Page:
Penguins Insider: No. 3 line reflects coach Bylsma
As a player, Dan Bylsma made it to and stayed in the NHL because of his mind and muscle.
As a coach, Bylsma is seeking a second championship knowing full well his most effective line did not produce a goal in the Penguins' 5-0 win over the New York Islanders on Wednesday night.
Game 2 in the best-of-seven series is Friday at Consol Energy Center, and Bylsma gladly will take another no-goal performance from his third line — if, that is, its components match their opening performance.
Islanders center John Tavares — a finalist on this voter's Hart Trophy ballot — was marked by Penguins wingers Brenden Morrow and Matt Cooke, who hit Tavares whenever possible in Game 1.
Tavares finished without a shot in his first playoff game.
He can expect more shots from Morrow and Cooke in Game 2.
Morrow is as brutish a hitter as Cooke is calculating.
Each winger leaves a mark that lingers. Morrow's hits hurt physically. Cooke's don't feel good, but his reputation as an on-the-edge hitter messes with opposing players' minds.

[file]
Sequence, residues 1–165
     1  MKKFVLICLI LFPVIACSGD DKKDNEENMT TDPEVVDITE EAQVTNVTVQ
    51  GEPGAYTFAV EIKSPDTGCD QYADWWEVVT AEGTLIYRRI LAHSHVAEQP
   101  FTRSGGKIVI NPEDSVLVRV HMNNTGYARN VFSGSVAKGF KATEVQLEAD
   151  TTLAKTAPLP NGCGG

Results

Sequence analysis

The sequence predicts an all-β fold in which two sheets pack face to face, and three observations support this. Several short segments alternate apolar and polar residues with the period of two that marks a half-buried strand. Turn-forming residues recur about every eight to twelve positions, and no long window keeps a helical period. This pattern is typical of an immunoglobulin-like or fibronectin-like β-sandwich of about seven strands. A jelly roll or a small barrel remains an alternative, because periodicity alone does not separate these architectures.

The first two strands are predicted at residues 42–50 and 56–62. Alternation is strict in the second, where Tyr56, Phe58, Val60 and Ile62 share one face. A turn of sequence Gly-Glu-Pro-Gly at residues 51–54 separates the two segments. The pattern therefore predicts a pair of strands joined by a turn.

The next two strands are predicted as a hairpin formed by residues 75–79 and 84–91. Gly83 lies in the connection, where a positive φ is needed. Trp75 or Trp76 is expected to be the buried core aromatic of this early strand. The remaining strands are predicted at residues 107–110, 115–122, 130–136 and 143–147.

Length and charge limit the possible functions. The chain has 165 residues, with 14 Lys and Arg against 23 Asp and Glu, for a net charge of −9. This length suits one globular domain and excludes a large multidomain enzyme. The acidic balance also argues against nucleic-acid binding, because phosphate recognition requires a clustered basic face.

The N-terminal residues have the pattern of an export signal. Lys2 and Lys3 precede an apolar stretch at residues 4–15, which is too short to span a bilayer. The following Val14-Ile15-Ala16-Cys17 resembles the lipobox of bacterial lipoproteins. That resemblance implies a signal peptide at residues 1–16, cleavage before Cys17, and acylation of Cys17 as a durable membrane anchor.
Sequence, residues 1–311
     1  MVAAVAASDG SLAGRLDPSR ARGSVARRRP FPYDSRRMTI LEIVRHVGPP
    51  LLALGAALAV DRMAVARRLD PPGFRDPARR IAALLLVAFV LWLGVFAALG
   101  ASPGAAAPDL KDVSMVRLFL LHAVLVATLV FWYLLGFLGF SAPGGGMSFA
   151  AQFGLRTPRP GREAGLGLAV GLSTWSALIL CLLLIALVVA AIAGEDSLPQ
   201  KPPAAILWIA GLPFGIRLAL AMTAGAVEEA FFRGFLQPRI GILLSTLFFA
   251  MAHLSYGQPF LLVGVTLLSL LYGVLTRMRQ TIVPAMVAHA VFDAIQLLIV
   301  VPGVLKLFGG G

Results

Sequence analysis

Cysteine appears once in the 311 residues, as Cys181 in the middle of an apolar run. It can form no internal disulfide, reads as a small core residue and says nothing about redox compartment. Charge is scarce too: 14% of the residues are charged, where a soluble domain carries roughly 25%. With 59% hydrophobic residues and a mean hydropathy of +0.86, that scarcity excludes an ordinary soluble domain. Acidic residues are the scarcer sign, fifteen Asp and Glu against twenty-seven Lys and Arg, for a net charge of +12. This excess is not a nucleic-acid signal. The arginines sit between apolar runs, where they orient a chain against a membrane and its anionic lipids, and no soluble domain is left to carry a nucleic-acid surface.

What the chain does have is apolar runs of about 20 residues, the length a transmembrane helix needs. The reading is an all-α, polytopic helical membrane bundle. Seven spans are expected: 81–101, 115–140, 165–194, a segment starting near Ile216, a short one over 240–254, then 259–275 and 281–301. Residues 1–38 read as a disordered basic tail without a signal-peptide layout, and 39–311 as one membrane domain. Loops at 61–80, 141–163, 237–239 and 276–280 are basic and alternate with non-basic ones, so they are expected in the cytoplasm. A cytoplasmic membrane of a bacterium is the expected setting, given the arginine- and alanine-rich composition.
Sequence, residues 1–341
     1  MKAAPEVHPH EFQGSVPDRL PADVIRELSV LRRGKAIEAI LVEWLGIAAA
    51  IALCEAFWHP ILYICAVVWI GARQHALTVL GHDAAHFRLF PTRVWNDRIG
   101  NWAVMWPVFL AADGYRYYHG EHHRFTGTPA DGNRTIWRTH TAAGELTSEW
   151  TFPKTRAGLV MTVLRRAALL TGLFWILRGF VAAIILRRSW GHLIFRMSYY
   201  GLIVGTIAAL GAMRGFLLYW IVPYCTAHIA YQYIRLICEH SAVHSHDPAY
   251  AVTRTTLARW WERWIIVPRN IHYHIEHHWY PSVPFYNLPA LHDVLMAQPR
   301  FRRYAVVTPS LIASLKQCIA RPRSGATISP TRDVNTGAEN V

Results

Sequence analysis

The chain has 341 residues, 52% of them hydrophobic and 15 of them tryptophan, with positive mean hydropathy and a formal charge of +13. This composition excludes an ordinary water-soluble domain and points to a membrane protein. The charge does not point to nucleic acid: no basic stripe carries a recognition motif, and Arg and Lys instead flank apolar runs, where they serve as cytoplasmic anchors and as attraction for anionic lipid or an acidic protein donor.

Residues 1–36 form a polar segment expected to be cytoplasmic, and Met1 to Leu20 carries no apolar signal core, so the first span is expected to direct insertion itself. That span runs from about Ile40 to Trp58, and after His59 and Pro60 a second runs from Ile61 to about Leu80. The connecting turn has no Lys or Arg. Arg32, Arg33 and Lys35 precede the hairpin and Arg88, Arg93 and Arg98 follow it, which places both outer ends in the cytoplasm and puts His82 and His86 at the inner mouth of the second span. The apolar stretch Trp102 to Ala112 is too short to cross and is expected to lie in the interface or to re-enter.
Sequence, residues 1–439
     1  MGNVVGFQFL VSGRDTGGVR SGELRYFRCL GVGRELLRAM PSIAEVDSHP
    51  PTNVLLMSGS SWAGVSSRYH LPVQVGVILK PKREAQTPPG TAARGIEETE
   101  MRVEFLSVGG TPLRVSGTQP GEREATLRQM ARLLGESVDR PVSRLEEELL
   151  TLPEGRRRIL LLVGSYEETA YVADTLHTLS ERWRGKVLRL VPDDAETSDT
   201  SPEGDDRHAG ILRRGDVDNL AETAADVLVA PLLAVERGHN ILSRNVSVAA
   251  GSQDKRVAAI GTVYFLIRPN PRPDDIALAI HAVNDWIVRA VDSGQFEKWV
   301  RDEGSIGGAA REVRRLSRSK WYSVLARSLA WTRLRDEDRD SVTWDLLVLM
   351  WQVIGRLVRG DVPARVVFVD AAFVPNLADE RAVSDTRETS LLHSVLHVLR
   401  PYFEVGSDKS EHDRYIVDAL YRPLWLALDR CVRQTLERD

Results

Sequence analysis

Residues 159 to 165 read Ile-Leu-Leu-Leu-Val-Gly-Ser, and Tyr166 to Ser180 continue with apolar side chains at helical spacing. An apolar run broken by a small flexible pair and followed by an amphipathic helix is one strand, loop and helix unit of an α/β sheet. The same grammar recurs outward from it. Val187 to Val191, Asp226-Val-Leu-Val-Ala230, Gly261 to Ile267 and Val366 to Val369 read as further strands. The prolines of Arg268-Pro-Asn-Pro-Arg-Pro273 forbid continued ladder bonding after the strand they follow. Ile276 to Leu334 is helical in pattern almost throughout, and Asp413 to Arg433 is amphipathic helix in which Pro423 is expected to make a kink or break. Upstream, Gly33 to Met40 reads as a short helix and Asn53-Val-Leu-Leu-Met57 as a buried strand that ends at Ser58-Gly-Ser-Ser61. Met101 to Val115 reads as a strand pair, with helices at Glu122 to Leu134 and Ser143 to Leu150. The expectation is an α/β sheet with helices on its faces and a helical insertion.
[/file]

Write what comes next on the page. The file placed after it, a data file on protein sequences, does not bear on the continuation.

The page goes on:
“Together they make a formidable, physical presence that is a pretty good characteristic of that line,” Bylsma said of Morrow and Cooke.
Center Brandon Sutter has the mind to make use of his wingers' muscle.
A high-IQ player who is opportunistic offensively and stifling defensively, Sutter has quickly learned to read off Morrow and Cooke. He lurks in the defensive and neutral zones, almost as if he is hunting space that opposing forwards erroneously presume is available.
When these three components are clicking — as they have most of the past three weeks — they are a true shutdown element because they can physically beat down opposing forwards and break down opposing coaches' game plans.
Bylsma began training camp in January by acknowledging the Penguins had lacked a third-line identity in recent underachieving postseasons.
They have one now, and he will keep this third line together as long as his players' health allows.
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